Home 5 Ag Stories Future of E-15 still uncertain

Future of E-15 still uncertain

Photo courtesy of the Environmental Protection Agency (EPA)

Ethanol production uses over 5 billion bushels of corn every year. The U.S. Department of Agriculture (USDA) increased that amount by 50 million bushels for the 2019 crop year, which starts in the last quarter of this year.

Corn growers want more corn to go to ethanol, but there needs to be more demand for ethanol to blend with gasoline to accomplish that.

The goal is to blend E-15 year round as opposed to the 10% blend in all gasoline and 15% blend in the winter months available in some pumps in some regions.

This week the EPA Administrator is visiting ethanol facilities and is getting a varied reception.  In Kansas, good. In South Dakota, bad.

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Environmental Protection Agency (EPA) Administrator Scott Pruitt on Tuesday visited an ethanol production facility in Kansas. The Administrator stopped at the East Kansas Agri-Energy ethanol plant and met with local agriculture groups. The visit comes a week after the White House stopped a proposal which ethanol groups said would harm the industry, allowing Renewable Identification Number (RIN) exports. The proposal also included year-round E15 sales.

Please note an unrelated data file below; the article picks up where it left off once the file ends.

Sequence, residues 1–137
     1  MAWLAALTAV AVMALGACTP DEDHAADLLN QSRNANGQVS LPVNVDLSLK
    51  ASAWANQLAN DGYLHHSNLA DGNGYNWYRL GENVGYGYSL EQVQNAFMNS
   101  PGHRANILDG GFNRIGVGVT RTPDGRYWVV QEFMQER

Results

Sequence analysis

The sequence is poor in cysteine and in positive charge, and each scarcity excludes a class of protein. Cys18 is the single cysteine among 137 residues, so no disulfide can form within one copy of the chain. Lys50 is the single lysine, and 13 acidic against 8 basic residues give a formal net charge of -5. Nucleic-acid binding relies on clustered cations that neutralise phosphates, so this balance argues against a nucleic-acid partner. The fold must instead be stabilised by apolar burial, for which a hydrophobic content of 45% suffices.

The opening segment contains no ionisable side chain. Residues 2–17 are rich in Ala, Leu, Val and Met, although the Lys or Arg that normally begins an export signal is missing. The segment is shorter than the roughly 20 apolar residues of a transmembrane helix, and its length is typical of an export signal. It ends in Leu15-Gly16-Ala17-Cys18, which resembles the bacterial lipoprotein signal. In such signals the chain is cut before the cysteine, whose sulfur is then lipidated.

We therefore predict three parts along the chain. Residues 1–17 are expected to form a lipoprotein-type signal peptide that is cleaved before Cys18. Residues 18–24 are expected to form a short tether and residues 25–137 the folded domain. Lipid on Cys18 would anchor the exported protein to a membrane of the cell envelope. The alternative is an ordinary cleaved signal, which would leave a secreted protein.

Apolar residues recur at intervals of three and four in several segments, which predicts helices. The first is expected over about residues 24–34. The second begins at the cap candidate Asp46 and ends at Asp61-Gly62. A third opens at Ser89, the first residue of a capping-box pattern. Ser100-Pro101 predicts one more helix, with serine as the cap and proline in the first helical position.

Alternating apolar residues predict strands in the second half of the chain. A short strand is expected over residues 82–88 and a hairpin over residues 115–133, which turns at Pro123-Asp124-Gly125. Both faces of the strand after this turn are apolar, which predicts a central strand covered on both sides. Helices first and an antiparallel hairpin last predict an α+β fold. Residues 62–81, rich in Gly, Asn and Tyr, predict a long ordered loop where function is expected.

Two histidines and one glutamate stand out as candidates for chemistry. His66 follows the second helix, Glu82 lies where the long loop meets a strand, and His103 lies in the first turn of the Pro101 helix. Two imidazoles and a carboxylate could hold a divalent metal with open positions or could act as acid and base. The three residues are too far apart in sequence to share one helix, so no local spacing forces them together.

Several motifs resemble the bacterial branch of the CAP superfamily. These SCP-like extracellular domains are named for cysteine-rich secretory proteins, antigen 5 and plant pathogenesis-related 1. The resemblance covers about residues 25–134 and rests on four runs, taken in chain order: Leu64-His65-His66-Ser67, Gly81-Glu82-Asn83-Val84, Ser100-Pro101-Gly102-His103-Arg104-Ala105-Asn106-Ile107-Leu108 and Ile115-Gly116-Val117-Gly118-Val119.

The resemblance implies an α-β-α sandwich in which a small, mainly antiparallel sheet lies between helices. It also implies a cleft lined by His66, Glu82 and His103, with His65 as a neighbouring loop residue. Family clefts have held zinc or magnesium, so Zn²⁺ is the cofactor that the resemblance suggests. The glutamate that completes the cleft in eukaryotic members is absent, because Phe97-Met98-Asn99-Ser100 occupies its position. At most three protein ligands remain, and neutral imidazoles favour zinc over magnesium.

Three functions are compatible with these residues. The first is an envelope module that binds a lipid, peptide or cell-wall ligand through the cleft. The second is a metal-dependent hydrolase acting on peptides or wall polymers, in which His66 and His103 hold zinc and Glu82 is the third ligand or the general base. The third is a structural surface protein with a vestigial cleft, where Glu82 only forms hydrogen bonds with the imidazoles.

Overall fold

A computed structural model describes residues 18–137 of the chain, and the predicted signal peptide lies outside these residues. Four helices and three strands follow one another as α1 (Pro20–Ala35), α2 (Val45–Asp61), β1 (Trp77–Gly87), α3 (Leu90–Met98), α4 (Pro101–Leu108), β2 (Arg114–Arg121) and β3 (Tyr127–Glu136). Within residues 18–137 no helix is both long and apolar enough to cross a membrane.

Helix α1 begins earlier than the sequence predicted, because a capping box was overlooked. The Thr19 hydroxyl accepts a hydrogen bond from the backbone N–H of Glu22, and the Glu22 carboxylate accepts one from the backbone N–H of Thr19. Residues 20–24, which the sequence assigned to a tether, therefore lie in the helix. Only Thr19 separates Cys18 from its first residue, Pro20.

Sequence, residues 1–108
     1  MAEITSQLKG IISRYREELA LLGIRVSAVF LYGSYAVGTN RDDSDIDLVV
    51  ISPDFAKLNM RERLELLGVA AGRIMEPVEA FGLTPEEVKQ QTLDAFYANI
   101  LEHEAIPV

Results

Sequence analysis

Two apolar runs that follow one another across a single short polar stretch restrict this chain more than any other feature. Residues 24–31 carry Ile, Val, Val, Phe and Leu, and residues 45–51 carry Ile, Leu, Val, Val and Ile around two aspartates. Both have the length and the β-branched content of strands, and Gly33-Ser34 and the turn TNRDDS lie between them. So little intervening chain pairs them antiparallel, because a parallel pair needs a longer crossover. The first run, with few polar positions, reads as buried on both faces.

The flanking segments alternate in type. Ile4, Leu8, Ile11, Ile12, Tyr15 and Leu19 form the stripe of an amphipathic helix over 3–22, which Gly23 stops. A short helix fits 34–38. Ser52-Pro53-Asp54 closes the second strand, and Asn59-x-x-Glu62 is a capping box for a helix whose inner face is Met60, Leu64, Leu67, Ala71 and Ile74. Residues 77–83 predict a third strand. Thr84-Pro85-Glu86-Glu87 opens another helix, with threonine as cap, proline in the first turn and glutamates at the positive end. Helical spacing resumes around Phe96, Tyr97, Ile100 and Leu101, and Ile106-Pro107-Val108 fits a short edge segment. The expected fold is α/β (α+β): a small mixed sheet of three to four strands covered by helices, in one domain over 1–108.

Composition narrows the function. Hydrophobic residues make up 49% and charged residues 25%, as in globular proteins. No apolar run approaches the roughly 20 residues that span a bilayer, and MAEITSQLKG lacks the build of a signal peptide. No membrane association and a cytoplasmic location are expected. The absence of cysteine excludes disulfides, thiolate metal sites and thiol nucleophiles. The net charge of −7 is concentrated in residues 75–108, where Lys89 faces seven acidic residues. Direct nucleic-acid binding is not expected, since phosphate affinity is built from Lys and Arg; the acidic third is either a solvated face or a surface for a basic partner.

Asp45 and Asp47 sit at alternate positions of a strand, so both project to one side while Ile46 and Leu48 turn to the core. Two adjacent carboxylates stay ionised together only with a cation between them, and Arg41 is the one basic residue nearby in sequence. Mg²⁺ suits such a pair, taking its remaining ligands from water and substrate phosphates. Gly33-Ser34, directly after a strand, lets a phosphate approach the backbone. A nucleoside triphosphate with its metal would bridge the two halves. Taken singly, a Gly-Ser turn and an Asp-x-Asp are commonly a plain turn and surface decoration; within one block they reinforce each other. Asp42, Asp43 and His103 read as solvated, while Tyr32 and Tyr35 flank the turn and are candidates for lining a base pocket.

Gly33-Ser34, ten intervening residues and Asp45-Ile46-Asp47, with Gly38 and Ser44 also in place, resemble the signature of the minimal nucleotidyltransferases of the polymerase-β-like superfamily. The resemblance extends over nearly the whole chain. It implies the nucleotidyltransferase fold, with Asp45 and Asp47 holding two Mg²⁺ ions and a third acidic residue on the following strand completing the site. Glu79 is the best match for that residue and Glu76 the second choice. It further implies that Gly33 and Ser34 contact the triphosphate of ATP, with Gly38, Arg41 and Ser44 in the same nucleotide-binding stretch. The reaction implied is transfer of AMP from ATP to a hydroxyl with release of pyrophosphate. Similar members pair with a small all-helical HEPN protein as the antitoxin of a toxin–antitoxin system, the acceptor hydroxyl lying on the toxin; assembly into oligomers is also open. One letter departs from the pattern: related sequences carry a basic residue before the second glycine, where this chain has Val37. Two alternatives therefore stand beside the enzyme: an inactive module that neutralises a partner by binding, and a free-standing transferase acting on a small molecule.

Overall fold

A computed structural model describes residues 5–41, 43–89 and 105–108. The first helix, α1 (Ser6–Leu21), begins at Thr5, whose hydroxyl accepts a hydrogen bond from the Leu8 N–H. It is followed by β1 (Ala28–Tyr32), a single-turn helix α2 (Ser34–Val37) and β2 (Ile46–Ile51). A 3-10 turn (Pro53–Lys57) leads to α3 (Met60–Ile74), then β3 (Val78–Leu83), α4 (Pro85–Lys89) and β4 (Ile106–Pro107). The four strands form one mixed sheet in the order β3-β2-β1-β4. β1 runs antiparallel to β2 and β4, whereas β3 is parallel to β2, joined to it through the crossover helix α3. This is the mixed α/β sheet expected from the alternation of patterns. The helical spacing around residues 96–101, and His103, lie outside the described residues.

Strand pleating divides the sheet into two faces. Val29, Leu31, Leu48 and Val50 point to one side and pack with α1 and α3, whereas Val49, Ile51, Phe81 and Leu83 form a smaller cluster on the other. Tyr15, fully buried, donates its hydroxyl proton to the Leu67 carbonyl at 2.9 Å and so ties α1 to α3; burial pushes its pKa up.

Administrator Pruitt told the group he believes E-15 should be available year-round. He said the EPA has the authority and will seek a waiver to allow year-round E-15 sales. But, the ethanol industry has seen other perceived attacks, including hardship waivers under the Renewable Fuel Standard (RFS) for an estimated demand loss of 1.56 billion gallons, according to the Renewable Fuels Association (RFA). Those in the ethanol industry meeting with Pruitt did not hold back, expressing their anger towards him and the EPA. Pruitt, via Twitter, said the meeting was “candid and productive.”

EPA Administrator Scott Pruitt is visiting South Dakota today, but is getting a cold shoulder from the state’s corn growers. Pruitt is scheduled to visit with sorghum producers at a cattle operation in Reliance. However, South Dakota Corn Growers Association executive director Lisa Richardson says President Trump promised to provide the pathway for year-round sales of E-15 and Pruitt is not welcome in the state unless he is delivering on that promise.

She says Pruitt has single-handedly damaged the ethanol industry by proposing a cap on RINs and granting hardship waivers to oil refiners, to opt out of their obligation under the Renewable Fuels Standard. This has resulted in lost corn grind of 700,000 to 800,000 bushels.